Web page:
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Surgical menopause – Marion’s story

Looking back, I was plagued with hormonal issues since puberty; painful periods and serious mood swings that made me feel I was living in a bubble most of the time. I ended up having a surgical menopause following my recent hysterectomy.

At 21, I had severe IBS, was in constant pain and bloated and had virtually stopped eating. After my health deteriorated so badly my father got me seen privately and many investigations into the bowel area, finally a gynaecologist in the hospital examined me and within hours I was one less ovary and a 5 inch cyst short. Afterwards my new GP informed me that the bowel can be affected by the changes in the womb and, oh yes mine was also tilted.

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I bumbled along for the next 15 years,still not feeling 100% then struck my acute pain whilst out shopping one day… lo my other ovary had gone cystic and I had more surgery, same bikini transverse cut, same hospital.

I went peri-menopausal started getting hot sweats,just when I moved to America and a hotter, humid climate, oh joy. A nice Chinese GP there had me scanned and said the ovary was still functional and suggested a low dose contraceptive rather than HRT.

I began to feel better, the flushes went and I still had periods, apart from every so often I would be floored momentarily by a sharp pain on the side of the first surgery. This I was told was due to adhesions and it would cause more problems than it would solve for them to go back in.

I still got bloated and had painful periods but just dosed myself with paracetamol and codeine and kept working because I was the main bread winner. I never had children.

In 2013, I had a dose of campylobacter food poisoning,after which I was given a colonoscopy to check for colitis. I was told my womb was enlarged and I asked should I do anything about it, the answer was “If it isn’t bothering you,there is no need”. I had a lot going on at the time, working long hours and getting divorced, hindsight is a wonderful thing and looking back, I had been having water works issues. Some days I felt a lot of pressure down there and stop start peeing.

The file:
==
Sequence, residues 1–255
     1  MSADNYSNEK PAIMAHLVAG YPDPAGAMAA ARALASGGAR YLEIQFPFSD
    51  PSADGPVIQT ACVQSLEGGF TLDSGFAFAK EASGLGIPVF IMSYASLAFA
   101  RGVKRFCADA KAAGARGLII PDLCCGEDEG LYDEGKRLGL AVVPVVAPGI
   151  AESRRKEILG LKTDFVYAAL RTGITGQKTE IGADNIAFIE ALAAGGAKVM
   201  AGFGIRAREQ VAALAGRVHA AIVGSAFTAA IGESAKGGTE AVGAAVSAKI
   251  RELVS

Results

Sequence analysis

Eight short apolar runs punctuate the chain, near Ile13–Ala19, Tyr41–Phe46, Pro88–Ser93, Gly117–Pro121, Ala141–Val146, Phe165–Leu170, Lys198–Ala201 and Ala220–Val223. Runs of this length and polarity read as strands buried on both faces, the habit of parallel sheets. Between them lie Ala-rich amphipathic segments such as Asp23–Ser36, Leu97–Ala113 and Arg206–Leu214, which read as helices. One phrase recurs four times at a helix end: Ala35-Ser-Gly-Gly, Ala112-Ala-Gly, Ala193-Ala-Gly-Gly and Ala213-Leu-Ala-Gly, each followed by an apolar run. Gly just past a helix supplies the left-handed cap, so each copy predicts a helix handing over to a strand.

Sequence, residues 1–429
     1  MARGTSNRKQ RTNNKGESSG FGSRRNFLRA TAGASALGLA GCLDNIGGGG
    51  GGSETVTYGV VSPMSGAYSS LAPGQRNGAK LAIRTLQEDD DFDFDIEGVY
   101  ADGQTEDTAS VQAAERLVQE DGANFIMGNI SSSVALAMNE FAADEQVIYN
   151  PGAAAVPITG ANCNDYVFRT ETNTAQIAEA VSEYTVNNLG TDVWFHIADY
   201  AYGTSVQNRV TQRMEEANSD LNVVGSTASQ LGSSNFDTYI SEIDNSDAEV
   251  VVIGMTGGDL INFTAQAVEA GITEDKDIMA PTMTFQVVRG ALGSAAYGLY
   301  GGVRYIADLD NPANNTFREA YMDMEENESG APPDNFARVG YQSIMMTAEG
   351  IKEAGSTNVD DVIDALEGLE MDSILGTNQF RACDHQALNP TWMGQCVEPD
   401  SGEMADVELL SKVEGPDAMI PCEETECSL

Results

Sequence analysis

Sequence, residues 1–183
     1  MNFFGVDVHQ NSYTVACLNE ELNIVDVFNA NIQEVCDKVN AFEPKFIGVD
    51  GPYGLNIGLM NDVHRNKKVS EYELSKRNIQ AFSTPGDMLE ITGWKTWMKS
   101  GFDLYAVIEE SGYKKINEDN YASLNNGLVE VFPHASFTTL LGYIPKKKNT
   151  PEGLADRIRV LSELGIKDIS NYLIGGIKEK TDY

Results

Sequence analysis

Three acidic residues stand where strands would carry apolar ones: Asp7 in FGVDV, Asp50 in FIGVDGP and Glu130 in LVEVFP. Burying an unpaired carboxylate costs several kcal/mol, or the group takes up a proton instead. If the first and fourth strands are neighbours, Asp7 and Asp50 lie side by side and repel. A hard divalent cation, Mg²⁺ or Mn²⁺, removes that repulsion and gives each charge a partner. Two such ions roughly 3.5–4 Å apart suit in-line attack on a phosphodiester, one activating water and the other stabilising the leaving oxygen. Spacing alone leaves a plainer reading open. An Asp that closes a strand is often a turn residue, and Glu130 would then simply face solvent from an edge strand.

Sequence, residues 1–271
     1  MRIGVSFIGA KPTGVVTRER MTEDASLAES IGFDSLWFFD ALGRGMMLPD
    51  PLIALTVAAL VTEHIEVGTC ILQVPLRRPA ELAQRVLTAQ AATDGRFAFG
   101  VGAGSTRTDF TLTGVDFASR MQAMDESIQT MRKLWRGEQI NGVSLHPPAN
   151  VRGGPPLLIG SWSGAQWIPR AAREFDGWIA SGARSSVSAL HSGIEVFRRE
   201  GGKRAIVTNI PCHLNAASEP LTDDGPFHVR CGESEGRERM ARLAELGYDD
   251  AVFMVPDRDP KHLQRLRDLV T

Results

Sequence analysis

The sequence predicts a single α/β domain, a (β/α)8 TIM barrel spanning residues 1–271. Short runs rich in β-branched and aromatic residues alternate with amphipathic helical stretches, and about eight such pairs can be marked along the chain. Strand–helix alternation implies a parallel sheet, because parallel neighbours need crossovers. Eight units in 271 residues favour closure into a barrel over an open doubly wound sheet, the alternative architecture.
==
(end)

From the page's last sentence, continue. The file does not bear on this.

Life was getting better, I was very tired, falling asleep at my computer but put that down to working hours ,moving in with my folks etc. Then I met a new man and things were really happy, until on July 8th 2014 I woke up with a strange kind of stomach ache, more like a trapped wind feeling that wouldn’t go. I didn’t feel sick but wanted to ‘go’ a lot and things just felt wrong. My father was worried and called the ambulance.

In A&E I was poked and jumped; “we think you have appendicitis”. Ok I thought, I can deal with that, it’s only keyhole surgery these days. I was given a scan and suddenly everything changed. My bowel was obstructed and twisted and starting to die, the cause, a fibroid in my womb had caused it to adhere to the bowel.

Lying there in a morphined haze, I was listening to worse case scenarios,cutting a piece out of my bowel and if it was a lot, a stoma bag. It wasn’t fair, all I could think about was the new love in my life and what this would mean to us. When I awoke, in pain, hooked up to morphine and a gastric tube draining into a bag, I was relieved to be told they had only had to cut a small amount away.

There followed the worst few days of my life, trust me everyone, a hysterectomy was a walk in the park in comparison. I won’t go into the gory details but I had legs the size of tree trunks and a cut from above my belly button down to my bikini scar. I was in for nearly two weeks and to be honest, had I not had the support of my new man, who was wonderful, I would have given up trying to get well. ( He calls my scars, my anchor!)